The following quote from Seymour Papert about PBL especially stood out to me. This sort of flies in the face of what we are currently seeing in many of the test-focused schools.
“The first thing you have to do is give up the idea of curriculum. Curriculum meaning you have to learn this on a given day. Replace it by a system where you learn this where you need it. So, that means you are going to put kids in a position where they’re going to use the knowledge that they get.
ShowMe makes it possible to easily record interactive lessons on your iPad and share them online. It’s simple and intuitive and is the type of technology that can revolutionize the way we teach, provide support, and individualize instruction. Here is a quick video demonstration.
The following video tutorials are examples of how ShowMe might be used in and out of the classroom. (Note to ShowMe’s staff: It would be helpful to teachers if the tutorials were embeddable.)
I agree with TechCrunch’s Erick Schonfeld that was is especially exciting about Show Me is that we are getting a “glimpse of how the iPad can completely change the way people learn. Any teacher can simply record their lessons and their students would need nothing more than an iPad to learn. Add some real-time chat and maybe some video, and it is not too difficult to see how this kind of technology can turn the iPad into a classroom.” (Source)
I’ve been developing this professional development workshop for the past few months and I am excited about presenting it for the first time today at the AAIM Conference.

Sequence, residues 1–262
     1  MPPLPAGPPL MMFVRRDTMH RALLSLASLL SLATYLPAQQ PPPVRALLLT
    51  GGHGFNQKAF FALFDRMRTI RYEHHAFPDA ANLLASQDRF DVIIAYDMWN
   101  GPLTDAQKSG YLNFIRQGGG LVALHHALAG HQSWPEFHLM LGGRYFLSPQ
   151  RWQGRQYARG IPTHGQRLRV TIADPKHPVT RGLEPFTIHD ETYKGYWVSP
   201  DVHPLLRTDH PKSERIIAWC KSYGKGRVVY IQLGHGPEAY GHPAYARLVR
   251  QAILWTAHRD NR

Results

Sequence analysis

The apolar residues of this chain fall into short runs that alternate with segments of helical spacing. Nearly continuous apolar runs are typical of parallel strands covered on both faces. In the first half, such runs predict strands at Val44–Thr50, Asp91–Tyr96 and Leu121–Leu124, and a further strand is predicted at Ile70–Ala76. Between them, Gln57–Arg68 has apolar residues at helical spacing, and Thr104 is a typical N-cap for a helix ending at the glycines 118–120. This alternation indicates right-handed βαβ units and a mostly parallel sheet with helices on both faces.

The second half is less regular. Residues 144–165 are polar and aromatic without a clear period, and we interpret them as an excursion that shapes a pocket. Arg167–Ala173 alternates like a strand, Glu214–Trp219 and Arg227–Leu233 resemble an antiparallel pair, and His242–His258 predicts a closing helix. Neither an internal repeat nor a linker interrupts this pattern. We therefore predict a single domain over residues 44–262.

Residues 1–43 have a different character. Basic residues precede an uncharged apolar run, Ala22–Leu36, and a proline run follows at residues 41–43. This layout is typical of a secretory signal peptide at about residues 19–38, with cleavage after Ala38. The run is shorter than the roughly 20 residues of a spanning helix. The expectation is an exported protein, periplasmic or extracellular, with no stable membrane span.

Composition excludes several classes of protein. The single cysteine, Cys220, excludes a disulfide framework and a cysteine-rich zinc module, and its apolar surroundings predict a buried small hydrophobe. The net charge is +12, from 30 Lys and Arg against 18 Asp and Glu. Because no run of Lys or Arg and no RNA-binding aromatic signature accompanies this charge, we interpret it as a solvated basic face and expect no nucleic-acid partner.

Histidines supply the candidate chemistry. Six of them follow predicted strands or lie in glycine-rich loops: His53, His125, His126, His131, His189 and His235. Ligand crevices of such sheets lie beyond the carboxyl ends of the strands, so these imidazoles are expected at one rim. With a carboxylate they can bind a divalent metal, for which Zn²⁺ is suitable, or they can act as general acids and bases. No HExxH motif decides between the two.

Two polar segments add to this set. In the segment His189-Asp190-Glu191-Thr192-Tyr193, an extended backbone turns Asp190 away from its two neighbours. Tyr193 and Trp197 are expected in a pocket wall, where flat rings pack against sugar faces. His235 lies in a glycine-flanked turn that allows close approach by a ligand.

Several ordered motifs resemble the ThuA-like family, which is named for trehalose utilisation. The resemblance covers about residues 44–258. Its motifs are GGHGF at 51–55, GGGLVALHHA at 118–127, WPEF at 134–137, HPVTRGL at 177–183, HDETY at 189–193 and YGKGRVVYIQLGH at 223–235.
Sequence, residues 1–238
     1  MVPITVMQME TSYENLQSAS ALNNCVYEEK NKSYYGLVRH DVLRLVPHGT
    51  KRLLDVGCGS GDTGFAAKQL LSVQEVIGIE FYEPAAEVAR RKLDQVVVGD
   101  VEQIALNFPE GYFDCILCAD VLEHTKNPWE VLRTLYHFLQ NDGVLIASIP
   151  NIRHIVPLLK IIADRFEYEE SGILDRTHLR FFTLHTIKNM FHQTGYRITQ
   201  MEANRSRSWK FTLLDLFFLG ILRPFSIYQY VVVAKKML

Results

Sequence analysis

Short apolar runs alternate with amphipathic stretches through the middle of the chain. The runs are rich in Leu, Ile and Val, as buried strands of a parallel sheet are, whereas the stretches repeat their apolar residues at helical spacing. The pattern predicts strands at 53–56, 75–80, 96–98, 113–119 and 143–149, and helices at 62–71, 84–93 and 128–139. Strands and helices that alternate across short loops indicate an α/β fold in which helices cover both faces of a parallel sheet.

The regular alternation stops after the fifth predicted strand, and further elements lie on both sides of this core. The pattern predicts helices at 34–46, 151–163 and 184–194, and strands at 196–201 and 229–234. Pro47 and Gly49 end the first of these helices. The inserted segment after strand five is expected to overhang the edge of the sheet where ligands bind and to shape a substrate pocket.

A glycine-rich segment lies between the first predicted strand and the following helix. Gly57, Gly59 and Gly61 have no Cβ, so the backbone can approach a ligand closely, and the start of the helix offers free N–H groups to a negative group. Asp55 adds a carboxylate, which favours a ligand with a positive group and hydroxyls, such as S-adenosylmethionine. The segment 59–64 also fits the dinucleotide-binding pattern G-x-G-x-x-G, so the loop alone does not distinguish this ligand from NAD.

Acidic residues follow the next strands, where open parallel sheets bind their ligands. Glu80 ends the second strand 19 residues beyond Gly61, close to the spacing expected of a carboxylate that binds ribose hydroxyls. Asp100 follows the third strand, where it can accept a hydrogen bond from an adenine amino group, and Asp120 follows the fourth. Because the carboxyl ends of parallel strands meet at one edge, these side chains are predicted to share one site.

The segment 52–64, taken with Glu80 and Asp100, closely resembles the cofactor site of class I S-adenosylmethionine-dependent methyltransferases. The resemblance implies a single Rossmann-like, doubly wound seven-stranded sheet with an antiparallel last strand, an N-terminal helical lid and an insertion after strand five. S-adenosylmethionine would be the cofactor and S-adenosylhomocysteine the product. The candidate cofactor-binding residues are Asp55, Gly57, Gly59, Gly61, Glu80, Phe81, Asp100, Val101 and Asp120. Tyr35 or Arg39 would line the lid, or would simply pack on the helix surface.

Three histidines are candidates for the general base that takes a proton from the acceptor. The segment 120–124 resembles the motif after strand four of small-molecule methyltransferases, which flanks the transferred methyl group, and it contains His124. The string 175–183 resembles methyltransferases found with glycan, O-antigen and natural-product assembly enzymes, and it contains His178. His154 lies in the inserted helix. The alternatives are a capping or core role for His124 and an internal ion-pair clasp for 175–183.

Equip parents to help with homework and enable students to engage with course content inside and outside the classroom with online tutorials. Learn how to easily create audio and video tutorials using free web-based resources.
Workshop Resources Wiki Page with workshop lesson plan, tutorials, notes, and materials
Posterous Groups is the simplest way to communicate with your students, colleagues, family and friends. Posterous Groups may be the next evolution in email communication.
Messages and attachments submitted to the group will be emailed to everyone in the group. Send any type of file to your group and Posterous will convert it to the most web-friendly format available. Photos will be sent to your group members inline, and if you send multiple photos, Posterous will automatically create a photo gallery for you. Submit a YouTube URL to the group and Posterous will grab the embed code and automatically embed it in your site. Email replies can include photos, videos or any other rich media and will be automatically shared with the rest of the group via email and stored on the group website.
A Few Benefits
Most everyone has access to email and understands how to send and received messages and attachments.
No account required. Anyone can participate in your group simply by emailing your group address while receiving email updates without ever having to visit your site.
Your group can be public or private.
Posterous Groups have been optimized for viewing on mobile devices. Your students and their parents can access your Posterous materials from their cell phones and iPads.
Multiple people can have full control of your group. That means you can share administrative rights to the website/group with others if you choose to do so.